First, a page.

Via Google’s cloud the facility to swap from one Android device to another i.e. start watching TV on your smart phone, swap to your desktop and then finish on your tablet (Windows 8 has this).

Similarly better integration of all messaging in a BlackBerry like Hub – all in one place to reduce clicks.

Video chat will be enhanced with picture in picture (an LG feature already) where both cameras can work at the same time.

A multiple add and manage contact system is slated to allow for group emailing – even if it is only a check box system.

Better local dictionary support

Better HTML5 support (via Chrome browser)

Integration of a lot of customization and skin features from handset makers – as Android is open source all these features are available to Google to include in future iterations. Work done by Samsung or LG on eye movement tracking or camera control may be part of KLP.


Android is a success story that nearly matches iOS with one difference – its largely open source. KLP is significant as it heralds the move of ARM processing into the desktop and corporate market and the time may well be right to offer alternatives to Windows and OS X (and Linux). This however could only happen when internet connectivity is ubiquitous and cheap and we are still a reasonable way from that.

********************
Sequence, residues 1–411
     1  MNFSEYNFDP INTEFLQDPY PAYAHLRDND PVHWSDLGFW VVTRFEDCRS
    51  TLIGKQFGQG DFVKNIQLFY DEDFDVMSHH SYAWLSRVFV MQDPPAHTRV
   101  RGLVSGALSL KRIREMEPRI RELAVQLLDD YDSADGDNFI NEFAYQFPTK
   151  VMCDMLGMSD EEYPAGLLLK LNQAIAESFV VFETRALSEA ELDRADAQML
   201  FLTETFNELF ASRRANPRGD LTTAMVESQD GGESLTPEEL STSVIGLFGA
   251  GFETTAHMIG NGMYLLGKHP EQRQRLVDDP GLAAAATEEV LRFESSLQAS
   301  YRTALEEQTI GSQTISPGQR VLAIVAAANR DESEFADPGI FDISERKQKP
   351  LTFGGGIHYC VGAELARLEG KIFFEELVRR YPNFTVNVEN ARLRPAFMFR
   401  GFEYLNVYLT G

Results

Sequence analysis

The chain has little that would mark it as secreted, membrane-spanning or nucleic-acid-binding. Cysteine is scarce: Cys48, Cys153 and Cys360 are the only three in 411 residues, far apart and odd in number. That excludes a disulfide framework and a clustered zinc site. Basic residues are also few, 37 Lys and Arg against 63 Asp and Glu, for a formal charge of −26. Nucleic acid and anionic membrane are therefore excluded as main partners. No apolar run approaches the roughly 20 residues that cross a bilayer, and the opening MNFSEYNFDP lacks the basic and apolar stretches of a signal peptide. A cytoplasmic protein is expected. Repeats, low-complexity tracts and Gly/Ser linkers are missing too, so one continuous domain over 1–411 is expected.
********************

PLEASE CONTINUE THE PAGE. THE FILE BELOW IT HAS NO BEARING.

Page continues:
But as reported here Google cannot hold onto Android – it is a child that is growing up and will soon have a mind of its own. SamDroid, Tizen, Ubuntu and more mobile variants will eventually take hold as the handset manufacturers seek to differentiate their offerings yet remain largely compatible with Android apps (where the real money is).

Interesting times indeed.


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Ray Shaw

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Ray Shaw  has a passion for IT ever since building his first computer in 1980. He is a qualified journalist, hosted a consumer IT based radio program on ABC radio for 10 years, has developed world leading software for the events industry and is smart enough to no longer own a retail computer store!